On my trip home in late March and April 2017, I spent some time with my late cousin’s wife and two children in Jakarta. I was sucked through an accelerated, repeated process of grieving in the space of 24 hours, interspersed with wonderful meals, and I came out the other side feeling that I received the closure I didn’t have before.
My cousin, Harry, was a few years older than me: he was my first friend, we were close throughout our childhoods, and as adults, we always had that connection, which I rarely experience with my other cousins. We aren’t, weren’t, perfect, we just took our flaws in stride, embraced them even. Our closeness was facilitated, partly, by the fact that the two of us were the much-loved, much-hugged-and-kissed favourites of our paternal grandparents and of our fathers’ only sister, Tante Ann.
Weekends were either spent at our grandparents’ or at Tante Ann and Oom Djoko’s homes, without our parents, and often, without our younger siblings. Tante Ann, Oom Djoko, Harry and I were our own family unit: we went on adventures and built hidden castles out of pillows and blankets, we swam in the sea and watched breathtaking Balinese sunsets, played tennis and rode horses in the mountains, rode our bikes through Jakarta streets, we caught fish and we ate a lot of delicious things along the way.
Harry was always there, that mix of comforting-and-maddening presence who’d tease me endlessly, mercilessly, but he’d be the first to save my ass from whatever trouble I landed myself in. Our aunt passed away in 2013, our uncle in 2015. Harry passed away in 2016, exactly a year to the day that my uncle died, at 41 years old. A Tante-Ann-Oom-Djoko-and-Harry-shaped hole in my universe. I mourn them, yet I’m finding my way in this, shaped by the great great love we had.
Anyway. I could not stay away. I had to get closure.
Harry left behind a wife, Vonny, and two children, aged 14 and 10, at the time of his passing. It was therapeutic for me to stay over at theirs, Vonny and I talked a lot about his last days and the days after his death. I shed some tears, slept on his side of the bed, touched and smelled all his clothes, he was everywhere in their home.
I can’t even imagine Vonny’s grief, her children’s grief, their loss.
Vonny saw my grief, and she took care of me. She told me,
I’ve lost my will to cook. I don’t know how to get it back. Harry loved my cooking, he always complimented me on everything I made for us to eat and he always encouraged me to do something with food.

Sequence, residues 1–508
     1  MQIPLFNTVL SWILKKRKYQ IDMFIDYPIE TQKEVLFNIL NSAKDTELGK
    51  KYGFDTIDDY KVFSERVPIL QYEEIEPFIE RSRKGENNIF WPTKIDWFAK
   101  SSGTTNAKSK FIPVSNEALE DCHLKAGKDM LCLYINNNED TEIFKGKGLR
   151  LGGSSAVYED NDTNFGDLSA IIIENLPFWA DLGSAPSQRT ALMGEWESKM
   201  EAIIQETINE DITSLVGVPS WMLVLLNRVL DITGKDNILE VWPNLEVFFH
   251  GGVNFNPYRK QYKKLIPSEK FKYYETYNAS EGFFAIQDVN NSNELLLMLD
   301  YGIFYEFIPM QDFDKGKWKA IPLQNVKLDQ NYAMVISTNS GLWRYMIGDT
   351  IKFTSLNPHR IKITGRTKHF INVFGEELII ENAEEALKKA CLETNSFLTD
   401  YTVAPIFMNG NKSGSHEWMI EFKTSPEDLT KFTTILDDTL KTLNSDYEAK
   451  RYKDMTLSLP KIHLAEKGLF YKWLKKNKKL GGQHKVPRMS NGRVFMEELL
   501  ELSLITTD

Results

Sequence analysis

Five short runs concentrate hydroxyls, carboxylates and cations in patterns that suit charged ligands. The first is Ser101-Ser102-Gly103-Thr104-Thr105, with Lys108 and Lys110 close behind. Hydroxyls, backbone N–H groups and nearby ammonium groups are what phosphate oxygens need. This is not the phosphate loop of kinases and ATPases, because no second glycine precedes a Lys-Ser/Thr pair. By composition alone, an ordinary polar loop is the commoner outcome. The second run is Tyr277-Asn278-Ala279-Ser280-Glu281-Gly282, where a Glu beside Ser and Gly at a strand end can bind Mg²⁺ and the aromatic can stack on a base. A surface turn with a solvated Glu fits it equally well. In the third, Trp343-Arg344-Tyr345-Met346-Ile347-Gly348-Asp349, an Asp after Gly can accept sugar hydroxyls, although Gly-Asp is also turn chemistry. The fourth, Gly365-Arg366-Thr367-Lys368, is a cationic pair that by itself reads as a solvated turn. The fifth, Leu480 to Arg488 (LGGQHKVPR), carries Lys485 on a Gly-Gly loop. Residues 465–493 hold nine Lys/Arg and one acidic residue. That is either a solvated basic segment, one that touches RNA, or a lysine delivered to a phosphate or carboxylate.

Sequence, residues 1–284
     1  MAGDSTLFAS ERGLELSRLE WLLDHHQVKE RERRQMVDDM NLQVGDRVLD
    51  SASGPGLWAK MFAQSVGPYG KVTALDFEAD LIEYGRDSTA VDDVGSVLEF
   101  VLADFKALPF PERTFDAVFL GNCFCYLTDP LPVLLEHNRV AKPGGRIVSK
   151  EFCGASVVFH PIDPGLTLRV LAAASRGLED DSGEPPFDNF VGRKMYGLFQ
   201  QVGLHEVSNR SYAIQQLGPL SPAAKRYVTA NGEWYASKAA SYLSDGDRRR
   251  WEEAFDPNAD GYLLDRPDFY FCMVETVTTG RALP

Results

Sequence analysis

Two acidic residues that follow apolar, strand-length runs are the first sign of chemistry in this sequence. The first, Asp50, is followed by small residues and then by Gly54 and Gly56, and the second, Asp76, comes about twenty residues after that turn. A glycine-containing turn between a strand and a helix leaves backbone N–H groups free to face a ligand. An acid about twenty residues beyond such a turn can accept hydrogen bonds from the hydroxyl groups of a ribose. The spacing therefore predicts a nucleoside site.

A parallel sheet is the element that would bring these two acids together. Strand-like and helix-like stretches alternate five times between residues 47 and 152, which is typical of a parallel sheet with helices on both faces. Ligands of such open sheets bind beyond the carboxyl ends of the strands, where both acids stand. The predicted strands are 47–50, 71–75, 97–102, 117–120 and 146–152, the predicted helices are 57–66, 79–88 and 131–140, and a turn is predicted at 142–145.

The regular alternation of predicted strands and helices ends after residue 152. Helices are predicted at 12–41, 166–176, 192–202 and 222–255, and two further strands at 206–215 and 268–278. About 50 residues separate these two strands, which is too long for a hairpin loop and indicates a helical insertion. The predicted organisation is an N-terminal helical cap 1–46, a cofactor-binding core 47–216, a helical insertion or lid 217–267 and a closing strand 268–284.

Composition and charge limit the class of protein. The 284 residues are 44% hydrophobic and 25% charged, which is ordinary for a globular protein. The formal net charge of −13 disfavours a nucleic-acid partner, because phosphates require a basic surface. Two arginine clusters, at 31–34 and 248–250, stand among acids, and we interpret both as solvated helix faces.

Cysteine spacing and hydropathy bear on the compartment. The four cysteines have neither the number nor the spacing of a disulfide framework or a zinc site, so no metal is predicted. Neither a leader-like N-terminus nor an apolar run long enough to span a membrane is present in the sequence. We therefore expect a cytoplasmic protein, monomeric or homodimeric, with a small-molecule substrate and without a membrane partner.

Vonny is an accomplished chef, who runs a part-time catering business out of personal passion, in addition to running her own successful companies. Harry raved about her cooking, and I was lucky that I got to eat her delicious food when they visited me in Milan, and when I showed up to family pot-luck gatherings in Jakarta. The thing about chefs, even homecooks, is that we’re used to taking care of people, we take care of people every day through our cooking, food is how we connect to people.
She looked over my Jakarta food list and took me to eat some of the items I had on my list. The rest of our time together was spent in a market, over more food, and we didn’t stop talking. It was a frantic 24 hours of downloading from and uploading to each other. We were rather all over the place.
Pasar tradisional AKA traditional markets
Vonny drove us to a Jakarta market in the morning, where we shopped for lunch ingredients. I love markets! Especially markets in Asia with all kinds of exotic ingredients that I don’t see in Europe. Like a kid, I want to touch everything and put them in my mouth, I want to talk to everyone and take photos of everything.
My mom had often taken me to pasar tradisional when I was a kid growing up in Jakarta, and reward me with beef rendang afterwards. Most Jakartans my generation prefer shopping at supermarkets in malls. Somehow, traditional markets have gotten a reputation for being dirty, busy and ripe for petty crime like pickpocketing. I’d have to say that while this is true, some local markets have popped up in the streets of residential compounds, and the ones housed in market halls have gotten cleaned up.
Definitely put this on your to-do list: it’s so fun to visit and the eateries around the market are great for breakfast afterwards. If you are lucky like me, your market buddy would be an accomplished chef who would cook you yummy food using your market purchases.
Afterwards Vonny steered me to a noodle stall for a bowl of delicious noodle soup whose broth warmed me all over, and the nutmeg juice was one of the most memorable things I had during that trip. I had no idea we could make juice with nutmeg! So so good!
The “kampung” lunch
Our time together in Jakarta ended with Vonny cooking us a kampung lunch of fish, oncom, rice and salad leaves, all eaten with the hands and dipped into chili paste. The food swung Sundanese, since like me, Vonny is of Javanese and Sundanese heritage. Oncom is a Sundanese staple, as is fried fish.
She’s still trying to find her will to cook again.
Thanks for reading.
Vonny and I really bonded during those 24 hours I spent with her and her kids. I’m currently with her in Berlin. I get her for 5 days, which is quite the luxury for me. Husband, my London twin and our Berlin friends notwithstanding, I never get more than 48-72 hours with my loved ones in one go.
We are eating our way through town. We are also cooking together.
I’m hoping, she’ll find the will to cook again.